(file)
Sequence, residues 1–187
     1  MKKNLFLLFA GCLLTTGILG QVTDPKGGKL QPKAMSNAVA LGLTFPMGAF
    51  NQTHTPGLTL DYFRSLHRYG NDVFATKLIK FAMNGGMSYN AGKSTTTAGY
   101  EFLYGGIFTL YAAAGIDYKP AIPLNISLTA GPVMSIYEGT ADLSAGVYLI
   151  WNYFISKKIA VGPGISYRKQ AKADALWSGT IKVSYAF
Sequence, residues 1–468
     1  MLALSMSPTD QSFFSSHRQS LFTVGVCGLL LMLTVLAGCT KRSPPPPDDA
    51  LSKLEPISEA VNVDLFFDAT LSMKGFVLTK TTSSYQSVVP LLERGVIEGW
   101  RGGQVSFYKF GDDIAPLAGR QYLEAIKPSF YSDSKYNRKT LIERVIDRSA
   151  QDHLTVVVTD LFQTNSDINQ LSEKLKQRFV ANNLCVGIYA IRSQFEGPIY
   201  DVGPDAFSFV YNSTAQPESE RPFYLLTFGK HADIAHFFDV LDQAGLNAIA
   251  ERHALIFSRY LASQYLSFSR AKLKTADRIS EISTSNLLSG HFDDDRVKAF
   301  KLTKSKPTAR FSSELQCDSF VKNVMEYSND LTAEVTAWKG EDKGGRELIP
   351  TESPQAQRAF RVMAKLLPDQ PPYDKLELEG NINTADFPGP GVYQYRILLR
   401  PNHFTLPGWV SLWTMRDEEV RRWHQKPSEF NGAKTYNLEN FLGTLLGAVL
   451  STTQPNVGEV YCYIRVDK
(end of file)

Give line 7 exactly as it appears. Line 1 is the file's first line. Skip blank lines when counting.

     1  MLALSMSPTD QSFFSSHRQS LFTVGVCGLL LMLTVLAGCT KRSPPPPDDA